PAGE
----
BC Premier John Horgan accused Surrey’s mayor on Wednesday of putting up unnecessary roadblocks in his city as ride-hailing in Metro Vancouver gets off to a contentious start.
According to a new report from Global News, Horgan says competition brings challenges but the government developed safeguards to ensure a level playing field for taxi firms and companies like Uber and Lyft.
He says Surrey Mayor Doug McCallum should listen to the wishes of local residents who want free-market competition for transportation services and made one thing clear: municipalities cannot block companies from operating.
“I think the way forward for Surrey and for Mr. McCallum is to listen to the citizens of his community who want to compete,” Horgan said. “Not to destabilize and put people out of business but to provide a range of options for the travelling public.”
McCallum said that Surrey bylaw officers will be issuing $500 CAD tickets to ride-hailing drivers picking up customers in the city. Uber, on the other hand, filed for an injunction with the Supreme Court of British Columbia on Tuesday to stop the City of Surrey from issuing what the company calls “illegal tickets.”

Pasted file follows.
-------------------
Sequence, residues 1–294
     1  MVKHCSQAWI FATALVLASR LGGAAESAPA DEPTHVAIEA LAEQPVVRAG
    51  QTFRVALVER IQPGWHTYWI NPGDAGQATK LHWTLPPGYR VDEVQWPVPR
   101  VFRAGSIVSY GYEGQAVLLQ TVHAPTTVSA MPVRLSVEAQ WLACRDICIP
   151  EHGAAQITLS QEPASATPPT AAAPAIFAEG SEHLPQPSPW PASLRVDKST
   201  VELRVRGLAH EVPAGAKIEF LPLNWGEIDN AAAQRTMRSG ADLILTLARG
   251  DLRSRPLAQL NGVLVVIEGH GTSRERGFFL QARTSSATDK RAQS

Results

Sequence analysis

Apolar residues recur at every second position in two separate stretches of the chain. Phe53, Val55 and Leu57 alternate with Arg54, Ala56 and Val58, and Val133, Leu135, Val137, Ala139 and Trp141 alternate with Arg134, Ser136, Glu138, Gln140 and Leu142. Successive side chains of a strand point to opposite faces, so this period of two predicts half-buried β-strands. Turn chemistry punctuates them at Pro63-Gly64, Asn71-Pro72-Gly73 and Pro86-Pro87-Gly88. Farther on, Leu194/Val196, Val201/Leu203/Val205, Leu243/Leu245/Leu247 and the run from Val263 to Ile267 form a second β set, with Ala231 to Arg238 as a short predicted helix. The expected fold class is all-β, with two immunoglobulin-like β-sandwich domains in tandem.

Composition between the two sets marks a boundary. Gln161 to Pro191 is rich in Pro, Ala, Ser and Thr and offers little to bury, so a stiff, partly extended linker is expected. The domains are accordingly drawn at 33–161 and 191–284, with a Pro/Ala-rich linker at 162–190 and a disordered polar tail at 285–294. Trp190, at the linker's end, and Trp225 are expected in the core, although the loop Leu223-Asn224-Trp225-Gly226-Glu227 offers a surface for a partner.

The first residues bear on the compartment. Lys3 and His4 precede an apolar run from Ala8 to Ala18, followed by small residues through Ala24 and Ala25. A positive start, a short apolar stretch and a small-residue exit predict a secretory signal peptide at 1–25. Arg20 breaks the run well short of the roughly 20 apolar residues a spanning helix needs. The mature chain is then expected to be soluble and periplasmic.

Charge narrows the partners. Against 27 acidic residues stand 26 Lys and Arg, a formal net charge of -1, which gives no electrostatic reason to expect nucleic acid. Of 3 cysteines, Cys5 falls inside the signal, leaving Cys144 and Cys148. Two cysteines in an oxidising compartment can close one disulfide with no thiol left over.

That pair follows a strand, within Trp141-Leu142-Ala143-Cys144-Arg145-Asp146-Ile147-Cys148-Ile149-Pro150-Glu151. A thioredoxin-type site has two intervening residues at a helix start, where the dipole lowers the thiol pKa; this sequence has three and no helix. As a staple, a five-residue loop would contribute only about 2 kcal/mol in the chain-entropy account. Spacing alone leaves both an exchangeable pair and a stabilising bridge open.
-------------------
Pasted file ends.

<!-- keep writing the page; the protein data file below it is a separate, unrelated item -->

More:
“The city’s actions are unfair to local residents who want to earn money and support their families,” Uber’s head of western Canada Michael van Hemmen said. “It is also unfair to those who need a safe, affordable and reliable ride.”
“Our preference is to work collaboratively with municipalities, and we are doing so across the region,” van Hemmen continued. “However, Uber must stand up when drivers and riders are being bullied and intimidated, especially when the province has confirmed drivers have the legal right to use Uber’s app, and to earn money driving with the app.”
Uber claims that the Surrey government doesn’t have the authority to stop ride-sharing companies from operating in the community.
“Uber is hopeful that the city will immediately cease issuing illegal fines, and allow drivers to continue to provide safe, affordable, reliable rides to riders in Surrey without harassment, as the region collaboratively works on inter-municipal business licencing,” van Hemmen said.
The BC provincial government last year introduced legislation allowing companies like Uber and Lyft to operate, and the two companies have been operating in Vancouver since last Friday.
“You want to make sure you are protecting the existing industry but not protecting it from competition,” Horgan said.
“This is a free market economy, people understand that. I understand the mayor of Surrey opposes that view. We believe the Passenger Transportation Board has done a very good job of balancing all of the interest of the travelling public as well as the existing industry.”